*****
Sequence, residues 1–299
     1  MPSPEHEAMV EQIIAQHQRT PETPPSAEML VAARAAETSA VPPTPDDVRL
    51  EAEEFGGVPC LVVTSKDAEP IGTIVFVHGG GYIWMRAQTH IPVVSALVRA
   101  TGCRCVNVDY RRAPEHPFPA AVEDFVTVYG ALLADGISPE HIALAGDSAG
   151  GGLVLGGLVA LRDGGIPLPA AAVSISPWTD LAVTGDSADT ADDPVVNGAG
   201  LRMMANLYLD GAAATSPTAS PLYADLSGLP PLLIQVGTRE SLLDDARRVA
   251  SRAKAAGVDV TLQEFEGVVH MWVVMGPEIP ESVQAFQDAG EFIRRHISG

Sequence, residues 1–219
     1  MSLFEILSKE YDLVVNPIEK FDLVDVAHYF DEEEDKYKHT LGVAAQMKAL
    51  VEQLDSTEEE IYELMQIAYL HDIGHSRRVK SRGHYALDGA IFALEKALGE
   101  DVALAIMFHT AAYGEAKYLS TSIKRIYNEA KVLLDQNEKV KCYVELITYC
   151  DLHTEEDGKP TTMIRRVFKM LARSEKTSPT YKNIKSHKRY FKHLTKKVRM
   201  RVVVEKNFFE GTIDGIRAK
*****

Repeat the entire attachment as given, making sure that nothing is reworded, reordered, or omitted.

Sequence, residues 1–299
     1  MPSPEHEAMV EQIIAQHQRT PETPPSAEML VAARAAETSA VPPTPDDVRL
    51  EAEEFGGVPC LVVTSKDAEP IGTIVFVHGG GYIWMRAQTH IPVVSALVRA
   101  TGCRCVNVDY RRAPEHPFPA AVEDFVTVYG ALLADGISPE HIALAGDSAG
   151  GGLVLGGLVA LRDGGIPLPA AAVSISPWTD LAVTGDSADT ADDPVVNGAG
   201  LRMMANLYLD GAAATSPTAS PLYADLSGLP PLLIQVGTRE SLLDDARRVA
   251  SRAKAAGVDV TLQEFEGVVH MWVVMGPEIP ESVQAFQDAG EFIRRHISG

Sequence, residues 1–219
     1  MSLFEILSKE YDLVVNPIEK FDLVDVAHYF DEEEDKYKHT LGVAAQMKAL
    51  VEQLDSTEEE IYELMQIAYL HDIGHSRRVK SRGHYALDGA IFALEKALGE
   101  DVALAIMFHT AAYGEAKYLS TSIKRIYNEA KVLLDQNEKV KCYVELITYC
   151  DLHTEEDGKP TTMIRRVFKM LARSEKTSPT YKNIKSHKRY FKHLTKKVRM
   201  RVVVEKNFFE GTIDGIRAK